Date
20 October 2017

A 2Q test for China polysilicon as solar flares

The photovoltaic industry is warming up and solar cell material makers are putting it to the test. They’re asking for higher prices for factory supplies, knowing there’s a lot of reasons to support a brighter outlook.

China aims to install 12 gigawatts of solar power this year, up from 9 GWs last year. Renewed waves of investment in solar power stations mean bigger demand for cells and modules — and the polysilicon used to make them.

China’s anti-dumping measures against US and South Korean imports are also going to shift demand to domestic suppliers.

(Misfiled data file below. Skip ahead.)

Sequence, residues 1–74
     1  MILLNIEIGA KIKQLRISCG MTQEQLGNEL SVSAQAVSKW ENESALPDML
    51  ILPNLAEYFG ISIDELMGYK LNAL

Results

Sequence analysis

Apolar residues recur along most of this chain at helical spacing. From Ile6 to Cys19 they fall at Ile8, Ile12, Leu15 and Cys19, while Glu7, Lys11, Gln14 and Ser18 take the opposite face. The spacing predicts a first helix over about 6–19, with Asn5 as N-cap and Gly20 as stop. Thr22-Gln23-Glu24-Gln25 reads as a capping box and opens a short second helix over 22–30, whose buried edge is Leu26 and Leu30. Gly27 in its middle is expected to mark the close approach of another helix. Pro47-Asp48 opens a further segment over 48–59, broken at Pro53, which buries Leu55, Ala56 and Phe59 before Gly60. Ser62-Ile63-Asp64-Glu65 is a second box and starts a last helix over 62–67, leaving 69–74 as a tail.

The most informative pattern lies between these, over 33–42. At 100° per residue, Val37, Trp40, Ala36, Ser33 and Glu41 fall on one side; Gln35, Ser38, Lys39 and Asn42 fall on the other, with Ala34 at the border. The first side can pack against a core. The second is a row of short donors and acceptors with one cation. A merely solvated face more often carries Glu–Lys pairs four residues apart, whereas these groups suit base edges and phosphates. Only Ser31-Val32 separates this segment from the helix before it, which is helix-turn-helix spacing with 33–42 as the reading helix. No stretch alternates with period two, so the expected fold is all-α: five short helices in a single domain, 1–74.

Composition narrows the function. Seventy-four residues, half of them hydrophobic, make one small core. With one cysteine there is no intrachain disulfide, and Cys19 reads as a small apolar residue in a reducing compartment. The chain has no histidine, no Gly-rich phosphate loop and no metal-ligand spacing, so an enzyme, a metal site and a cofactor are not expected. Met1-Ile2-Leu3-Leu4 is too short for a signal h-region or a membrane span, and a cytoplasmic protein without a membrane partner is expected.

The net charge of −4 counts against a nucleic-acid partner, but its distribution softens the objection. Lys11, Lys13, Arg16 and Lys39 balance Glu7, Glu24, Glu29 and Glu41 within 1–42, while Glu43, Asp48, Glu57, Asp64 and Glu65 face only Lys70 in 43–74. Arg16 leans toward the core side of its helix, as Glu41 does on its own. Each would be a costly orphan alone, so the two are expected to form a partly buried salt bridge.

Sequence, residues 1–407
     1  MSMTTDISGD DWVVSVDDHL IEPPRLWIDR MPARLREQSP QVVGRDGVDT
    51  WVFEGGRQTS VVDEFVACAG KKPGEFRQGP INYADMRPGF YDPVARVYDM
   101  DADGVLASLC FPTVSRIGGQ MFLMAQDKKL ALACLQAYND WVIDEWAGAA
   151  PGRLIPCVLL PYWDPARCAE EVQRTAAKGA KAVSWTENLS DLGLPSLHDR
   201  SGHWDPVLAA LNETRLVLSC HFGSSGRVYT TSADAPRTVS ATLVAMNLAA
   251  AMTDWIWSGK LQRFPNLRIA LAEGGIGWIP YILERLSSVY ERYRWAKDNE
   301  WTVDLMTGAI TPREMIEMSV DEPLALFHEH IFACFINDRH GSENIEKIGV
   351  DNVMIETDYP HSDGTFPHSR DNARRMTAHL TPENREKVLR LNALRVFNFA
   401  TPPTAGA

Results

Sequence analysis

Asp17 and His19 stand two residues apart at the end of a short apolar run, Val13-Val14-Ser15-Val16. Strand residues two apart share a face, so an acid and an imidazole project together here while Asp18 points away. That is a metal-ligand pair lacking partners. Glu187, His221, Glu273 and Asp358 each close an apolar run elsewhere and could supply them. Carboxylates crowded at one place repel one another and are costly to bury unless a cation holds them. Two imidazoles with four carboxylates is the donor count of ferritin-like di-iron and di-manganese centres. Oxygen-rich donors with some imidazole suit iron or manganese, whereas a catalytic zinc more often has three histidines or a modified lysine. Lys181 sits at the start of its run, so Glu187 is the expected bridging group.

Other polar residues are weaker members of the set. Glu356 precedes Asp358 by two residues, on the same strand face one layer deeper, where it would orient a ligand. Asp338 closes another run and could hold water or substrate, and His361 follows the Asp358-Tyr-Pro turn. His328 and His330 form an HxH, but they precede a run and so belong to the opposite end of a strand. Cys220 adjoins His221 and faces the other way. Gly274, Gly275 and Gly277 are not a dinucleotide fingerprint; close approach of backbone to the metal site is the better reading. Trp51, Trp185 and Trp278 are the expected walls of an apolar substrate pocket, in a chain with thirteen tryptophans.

The central government has already called on the country to prop up the photovoltaic industry, and the regional authorities have responded with complementary plans. Fujian is the latest to list tax subsidies for the sector, particularly for on-site projects on housing estates, in industrial parks and in street lighting.

But the supply side is responding to these favorable factors too.

The solar recession forced many factories to stop production; at one point only six out of 43 major lines were still operating. But by the end of last year, that number had doubled to 13, according to the China Securities Journal.

The second quarter will be a testing time as output from restarted lines hits the market.

Rival imports are not to be ignored either. Through processing arrangements with factories outside the anti-dumping penalty list, foreign makers can still work around the rules and continue to compete for orders.

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SK

 

EJ Insight writer

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